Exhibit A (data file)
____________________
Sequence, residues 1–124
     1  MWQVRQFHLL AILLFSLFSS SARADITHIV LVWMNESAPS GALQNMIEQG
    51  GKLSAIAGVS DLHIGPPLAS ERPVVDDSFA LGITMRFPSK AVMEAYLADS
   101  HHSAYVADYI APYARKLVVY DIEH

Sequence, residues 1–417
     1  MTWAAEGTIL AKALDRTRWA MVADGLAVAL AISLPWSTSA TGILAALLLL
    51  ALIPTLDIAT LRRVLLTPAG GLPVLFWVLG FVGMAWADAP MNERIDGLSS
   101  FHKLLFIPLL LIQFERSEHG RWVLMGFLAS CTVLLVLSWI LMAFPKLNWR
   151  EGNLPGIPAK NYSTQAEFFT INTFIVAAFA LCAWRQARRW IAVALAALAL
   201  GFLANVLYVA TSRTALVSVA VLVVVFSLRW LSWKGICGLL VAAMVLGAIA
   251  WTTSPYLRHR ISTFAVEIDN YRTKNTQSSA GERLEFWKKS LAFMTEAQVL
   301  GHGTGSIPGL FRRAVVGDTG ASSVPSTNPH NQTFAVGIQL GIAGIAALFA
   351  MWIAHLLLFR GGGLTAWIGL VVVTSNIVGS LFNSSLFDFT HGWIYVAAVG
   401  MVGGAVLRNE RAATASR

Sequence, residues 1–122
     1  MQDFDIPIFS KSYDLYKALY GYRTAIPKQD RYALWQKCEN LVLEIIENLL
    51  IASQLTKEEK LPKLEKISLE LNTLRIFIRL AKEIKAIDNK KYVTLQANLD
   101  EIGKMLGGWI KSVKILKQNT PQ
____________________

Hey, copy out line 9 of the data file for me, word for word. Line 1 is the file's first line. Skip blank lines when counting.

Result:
   151  EGNLPGIPAK NYSTQAEFFT INTFIVAAFA LCAWRQARRW IAVALAALAL